Published: May 10, 2013
By: Frederick B. Goldsmith
A seaman is entitled to maintenance and cure for any injury or illness that occurs, manifests, or becomes aggravated while he or she is in service of his or her ship. “Maintenance” refers to reasonable and necessary food and lodging expenses. “Cure” is the seaman’s right to reasonable and necessary medical care until the seaman has reached “maximum medical improvement,” defined as the point at which the condition is permanent or cannot be improved with further medical treatment.
As the U.S. Second Circuit Court of Appeals observed last July in Messier v. Bouchard Transportation, “[i]t does not matter whether he is injured because of his own negligence….It does not matter whether the injury or illness was related to the seaman’s employment…It does not even matter, absent active concealment, if the illness or injury is merely an aggravation or recurrence of a preexisting condition…This well-established rule does not permit an exception for asymptomatic diseases—so long as the illness was present during the seaman’s service, he is entitled to maintenance and cure.”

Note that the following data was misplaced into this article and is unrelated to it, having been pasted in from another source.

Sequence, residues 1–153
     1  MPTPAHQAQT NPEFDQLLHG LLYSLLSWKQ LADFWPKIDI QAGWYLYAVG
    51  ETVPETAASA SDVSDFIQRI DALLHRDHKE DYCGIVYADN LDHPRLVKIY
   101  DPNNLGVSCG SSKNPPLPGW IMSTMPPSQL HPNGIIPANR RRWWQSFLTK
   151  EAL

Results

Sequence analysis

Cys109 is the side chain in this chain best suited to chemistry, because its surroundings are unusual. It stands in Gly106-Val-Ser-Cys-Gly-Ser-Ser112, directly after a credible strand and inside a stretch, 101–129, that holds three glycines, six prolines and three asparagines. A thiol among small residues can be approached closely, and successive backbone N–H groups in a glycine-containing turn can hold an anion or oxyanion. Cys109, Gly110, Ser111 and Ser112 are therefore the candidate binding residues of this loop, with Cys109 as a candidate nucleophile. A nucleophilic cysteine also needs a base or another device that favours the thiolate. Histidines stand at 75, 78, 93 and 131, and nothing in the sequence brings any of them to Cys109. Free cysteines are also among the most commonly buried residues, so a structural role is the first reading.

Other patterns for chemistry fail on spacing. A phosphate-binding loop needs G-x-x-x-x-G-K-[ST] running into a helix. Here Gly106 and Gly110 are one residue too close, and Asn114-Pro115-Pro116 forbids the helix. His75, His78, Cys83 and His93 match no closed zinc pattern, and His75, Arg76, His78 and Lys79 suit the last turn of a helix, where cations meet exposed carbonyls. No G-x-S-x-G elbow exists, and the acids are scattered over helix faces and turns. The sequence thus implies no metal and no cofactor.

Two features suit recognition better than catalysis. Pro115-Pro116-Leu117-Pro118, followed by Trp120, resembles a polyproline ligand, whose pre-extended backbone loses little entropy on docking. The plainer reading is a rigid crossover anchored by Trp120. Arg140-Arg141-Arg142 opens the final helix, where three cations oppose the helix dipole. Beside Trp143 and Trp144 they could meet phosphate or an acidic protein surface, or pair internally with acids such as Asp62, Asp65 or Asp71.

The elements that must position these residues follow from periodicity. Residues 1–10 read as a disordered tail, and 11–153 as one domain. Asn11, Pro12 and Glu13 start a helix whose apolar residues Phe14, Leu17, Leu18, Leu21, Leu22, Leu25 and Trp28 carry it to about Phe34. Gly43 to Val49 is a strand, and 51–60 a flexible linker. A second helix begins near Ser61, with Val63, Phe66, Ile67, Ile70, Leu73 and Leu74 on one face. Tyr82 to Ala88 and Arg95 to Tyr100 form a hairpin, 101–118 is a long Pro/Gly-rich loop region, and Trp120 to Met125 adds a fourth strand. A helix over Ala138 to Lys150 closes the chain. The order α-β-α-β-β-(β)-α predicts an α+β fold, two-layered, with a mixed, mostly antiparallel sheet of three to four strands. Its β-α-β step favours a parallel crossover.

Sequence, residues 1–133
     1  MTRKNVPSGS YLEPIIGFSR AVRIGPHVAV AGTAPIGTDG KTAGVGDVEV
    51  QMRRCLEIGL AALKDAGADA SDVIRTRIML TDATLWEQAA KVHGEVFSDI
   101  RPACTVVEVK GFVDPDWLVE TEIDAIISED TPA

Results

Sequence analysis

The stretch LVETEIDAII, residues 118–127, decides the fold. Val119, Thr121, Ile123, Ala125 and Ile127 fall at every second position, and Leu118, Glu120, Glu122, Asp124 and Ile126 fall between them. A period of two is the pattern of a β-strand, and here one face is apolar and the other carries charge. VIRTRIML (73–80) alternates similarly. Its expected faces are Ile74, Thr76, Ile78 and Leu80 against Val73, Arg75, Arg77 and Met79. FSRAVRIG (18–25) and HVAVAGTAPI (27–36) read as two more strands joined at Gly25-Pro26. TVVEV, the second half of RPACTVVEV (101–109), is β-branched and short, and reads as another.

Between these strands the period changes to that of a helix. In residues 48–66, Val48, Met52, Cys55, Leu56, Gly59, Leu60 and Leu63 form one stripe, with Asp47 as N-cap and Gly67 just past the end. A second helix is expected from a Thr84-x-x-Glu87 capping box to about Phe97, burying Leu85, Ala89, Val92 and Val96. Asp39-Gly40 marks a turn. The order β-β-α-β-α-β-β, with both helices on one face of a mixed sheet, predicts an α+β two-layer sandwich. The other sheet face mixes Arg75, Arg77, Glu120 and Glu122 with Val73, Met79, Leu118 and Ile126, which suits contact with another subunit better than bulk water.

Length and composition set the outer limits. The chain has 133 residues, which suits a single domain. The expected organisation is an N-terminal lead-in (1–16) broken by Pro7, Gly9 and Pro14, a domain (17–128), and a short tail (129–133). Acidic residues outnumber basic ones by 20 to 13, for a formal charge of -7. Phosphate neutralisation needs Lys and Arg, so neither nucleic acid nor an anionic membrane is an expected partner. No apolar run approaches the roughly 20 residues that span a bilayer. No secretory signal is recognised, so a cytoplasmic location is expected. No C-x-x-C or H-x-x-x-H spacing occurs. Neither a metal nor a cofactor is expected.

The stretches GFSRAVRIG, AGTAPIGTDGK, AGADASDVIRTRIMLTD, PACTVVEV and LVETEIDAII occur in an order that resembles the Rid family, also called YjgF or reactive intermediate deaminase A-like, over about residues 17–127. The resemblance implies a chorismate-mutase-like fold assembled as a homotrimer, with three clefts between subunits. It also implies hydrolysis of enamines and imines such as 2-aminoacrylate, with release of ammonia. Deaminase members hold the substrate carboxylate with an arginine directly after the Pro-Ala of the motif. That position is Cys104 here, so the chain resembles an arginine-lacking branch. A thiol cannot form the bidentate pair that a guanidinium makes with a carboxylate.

Recently, in Hicks v. Vane Line Bunkering, Inc., 2013 U.S. Dist. LEXIS 55043 (S.D.N.Y. Apr. 15, 2013), the jury found against Ciro “Charles” Hicks, a mate on Vane Line’s tugboat, on his Jones Act negligence and general maritime law unseaworthiness claims. But, it found Vane Line liable as to his maintenance and cure claims, and that this employer had acted willfully in underpaying and failing to pay him maintenance and cure. So, the jury assessed damages as follows: underpaid maintenance – $77,000, future maintenance – $16,000, future cure – $97,000, past pain and suffering – $132,000, and $123,000 in punitive damages.
Given the willfulness finding, the Court also ordered Vane Line to pay Hicks’ attorney’s fees and expenses, including paralegal time. It valued Hick’s highly-experienced admiralty attorney’s services at $400/hour and the paralegal’s time at $150/hour, together with case expenses (depositions, copies, filing fees, etc.) totaling $112,083.77.
Thus, if you are a seaman and may not ultimately have a winning Jones Act negligence or general maritime law unseaworthiness case, you may still have a valuable general maritime law maintenance and cure claim, particularly where your employer has acted callously or willfully in failing to pay or underpaying you maintenance and/or cure.